the-south-asian.com August 2003
THE COBRA GIRL OF GUJARAT
For over a decade animal activist Snehal Bhatt has championed the cause of snakes. But in doing so she’s been threatened and physically attacked several times by poachers. In a rare tribute, the National Geographic Channel has produced a stunning film on her amazing mission…
Snehal Bhatt has led a one-woman crusade to rescue India's most dangerous snakes---cobras, vipers, and giant pythons---from frightened townspeople, crooked snake charmers and devious poachers.
She is now aiming at the rural town of Valsad, where poachers continue to trade illegally in such snakes as Indian pythons, and a number of snake charmers still defang reptiles, ultimately killing them. But with the help of a posse of dedicated volunteers, Snehal Bhatt helps save people and snakes from each other.
In a rare tribute, the National Geographic Channel has made a stunning film on this amazing animal activist who stays far away from the arclights preferring to do real work that has little time for publicity.
The Snake Wranglers: Snake Savior captures on camera the life of Bhatt and her work with the wildlife of the area especially the snakes. In 1993, she founded the Gujarat Society for the Prevention of Cruelty to Animals [GSPCA]. Aided by a group of volunteers, she runs this society from her home in Vadodara and is on call seven days a week, 24 hours a day.
Bhatt and her volunteers have rescued thousands of snakes and released them in areas far from human habitation. " We try to take these animals as far as possible from human habitation so that they’re not hunted down again," she says.
While human encounters with cobras, vipers, and pythons can prove fatal, more often than not it is the snakes that are killed. The often-feared reptiles have no voice of their own, but they now have at least one energetic and determined protector.
In addition to rescuing animals, she has been a forceful opponent of practices like snake charming. And in doing battle with the charmers, she has been threatened and physically attacked several times in the course of her work. She now carries a pistol to defend herself. Today, however, largely due to her efforts, Vadodara is free of snake charmers.
Whenever farmers in the area spot a snake in their fields the first person they call is Bhatt. " It’s a welcome sign that the farmers here are responding to me," says the snake lady and explains, " The country has lost almost 25 percent of its heavily forested land in the past decade. As humans encroach on forested areas, people and animals are being brought into close contact – with deadly results for both."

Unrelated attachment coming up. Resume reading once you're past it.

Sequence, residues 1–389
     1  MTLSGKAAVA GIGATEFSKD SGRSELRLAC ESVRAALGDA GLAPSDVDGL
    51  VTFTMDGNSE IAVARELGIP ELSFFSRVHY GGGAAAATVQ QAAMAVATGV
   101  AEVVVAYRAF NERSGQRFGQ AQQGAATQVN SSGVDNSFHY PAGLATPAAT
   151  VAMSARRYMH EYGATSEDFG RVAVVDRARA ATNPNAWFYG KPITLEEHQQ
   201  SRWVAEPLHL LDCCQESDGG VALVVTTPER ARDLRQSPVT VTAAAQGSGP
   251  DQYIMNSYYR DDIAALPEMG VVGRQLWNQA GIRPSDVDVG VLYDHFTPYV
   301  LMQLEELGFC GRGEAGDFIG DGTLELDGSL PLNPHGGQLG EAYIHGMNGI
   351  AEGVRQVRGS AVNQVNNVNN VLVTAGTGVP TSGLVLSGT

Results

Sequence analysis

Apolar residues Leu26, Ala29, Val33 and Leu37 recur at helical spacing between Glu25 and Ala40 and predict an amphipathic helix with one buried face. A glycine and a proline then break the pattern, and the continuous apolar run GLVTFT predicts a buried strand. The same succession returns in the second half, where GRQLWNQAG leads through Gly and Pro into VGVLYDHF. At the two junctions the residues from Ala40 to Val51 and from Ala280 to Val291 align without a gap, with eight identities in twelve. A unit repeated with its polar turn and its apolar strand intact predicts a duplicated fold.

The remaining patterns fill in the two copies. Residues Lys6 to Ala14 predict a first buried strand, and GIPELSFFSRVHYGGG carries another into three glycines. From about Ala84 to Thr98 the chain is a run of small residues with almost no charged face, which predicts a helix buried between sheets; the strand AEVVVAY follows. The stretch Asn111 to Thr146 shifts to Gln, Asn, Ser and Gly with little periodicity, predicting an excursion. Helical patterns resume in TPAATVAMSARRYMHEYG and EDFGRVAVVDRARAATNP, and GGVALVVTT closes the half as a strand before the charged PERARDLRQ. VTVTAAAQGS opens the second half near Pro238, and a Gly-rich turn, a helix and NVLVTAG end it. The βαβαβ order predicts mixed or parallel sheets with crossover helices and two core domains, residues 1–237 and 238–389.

Interestingly Snehal will rescue any animal that’s in need. But more than half her calls involve snakes. She had originally been a social worker, but she came to feel that animals needed her more than people.
The GSPCA conducts an animal rescue programme and collects and releases dozens of snakes, lizards and crocodiles as well as other wild and domestic animals each year. The animals are released back to the wild to prevent people from killing them.
Sometime back when Snehal saw pigs being carried away in a tempo, she asked the driver to stop the vehicle. When she began making inquiries, the driver, dashed off. When she tried to intercept, she was assaulted and beaten up. Passers by had to rush her to a hospital.
But then violence is an occupational hazard for this brave lady. That’s why she realizes that if her mission here is to succeed, she’ll need to enlist the help of local villagers. So Snehal and her volunteers put on snake shows to get her message across.
" Through these shows, we want to achieve a closer relationship between man and snake. Only if we educate them, if we create awareness amongst them, then they’ll stop killing snakes. We have been able to tell people that we understand that you are afraid this animal will kill you. That’s the reason why you’re killing it first. Call us. Don’t kill it. And we will help you out."
Snehal also needs the villagers’ help in stopping her archenemies, the snake charmers, whose custom of destroying the venom glands ultimately kills the snake.
"I am talking to them about what snake charmers do, and I am showing them the venom glands and the venom. What the snake charmers do is they burn the venom glands. The venom will never regenerate again," says Snehal explaining that venom is the snake’s saliva, without it the snake will have trouble digesting food and will die within a couple of months.
Snehal’s compassion for animals is matched by her anger at those who abuse them. " I get very angry whenever I see a snake charmer. It’s like there’s a bomb inside me which is going to blow anytime. I don’t see him as a person at all. I just see how many snakes he’s killed. It’s a kind of thing I’ve developed from seeing these poor animals die daily."
Snehal says she is just doing her duty to nature. "I know snakes cannot speak. But the gratitude in their eyes when they’re saved, when they’re released, is something that I live for. We have to save our wildlife and for that we need more dedicated people. I am sure the day is not far when there’ll be lots of Snehals in this country."
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